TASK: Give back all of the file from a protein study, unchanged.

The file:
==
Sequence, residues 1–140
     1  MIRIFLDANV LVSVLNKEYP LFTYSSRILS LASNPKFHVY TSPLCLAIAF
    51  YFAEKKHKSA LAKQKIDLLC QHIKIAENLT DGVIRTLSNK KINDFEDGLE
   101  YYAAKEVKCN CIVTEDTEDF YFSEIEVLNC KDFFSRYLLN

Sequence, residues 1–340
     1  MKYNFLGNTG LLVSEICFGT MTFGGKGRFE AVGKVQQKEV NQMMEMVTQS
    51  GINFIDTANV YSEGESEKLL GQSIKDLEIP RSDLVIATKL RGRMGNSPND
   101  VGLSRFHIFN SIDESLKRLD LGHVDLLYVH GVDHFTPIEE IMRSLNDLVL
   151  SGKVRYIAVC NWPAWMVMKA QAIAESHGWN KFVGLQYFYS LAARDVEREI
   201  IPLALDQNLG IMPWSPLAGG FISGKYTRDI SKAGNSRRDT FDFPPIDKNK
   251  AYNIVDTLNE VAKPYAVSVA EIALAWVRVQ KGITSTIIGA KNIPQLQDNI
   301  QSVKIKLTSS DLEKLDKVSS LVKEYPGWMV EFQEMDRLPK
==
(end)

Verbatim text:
Sequence, residues 1–140
     1  MIRIFLDANV LVSVLNKEYP LFTYSSRILS LASNPKFHVY TSPLCLAIAF
    51  YFAEKKHKSA LAKQKIDLLC QHIKIAENLT DGVIRTLSNK KINDFEDGLE
   101  YYAAKEVKCN CIVTEDTEDF YFSEIEVLNC KDFFSRYLLN

Sequence, residues 1–340
     1  MKYNFLGNTG LLVSEICFGT MTFGGKGRFE AVGKVQQKEV NQMMEMVTQS
    51  GINFIDTANV YSEGESEKLL GQSIKDLEIP RSDLVIATKL RGRMGNSPND
   101  VGLSRFHIFN SIDESLKRLD LGHVDLLYVH GVDHFTPIEE IMRSLNDLVL
   151  SGKVRYIAVC NWPAWMVMKA QAIAESHGWN KFVGLQYFYS LAARDVEREI
   201  IPLALDQNLG IMPWSPLAGG FISGKYTRDI SKAGNSRRDT FDFPPIDKNK
   251  AYNIVDTLNE VAKPYAVSVA EIALAWVRVQ KGITSTIIGA KNIPQLQDNI
   301  QSVKIKLTSS DLEKLDKVSS LVKEYPGWMV EFQEMDRLPK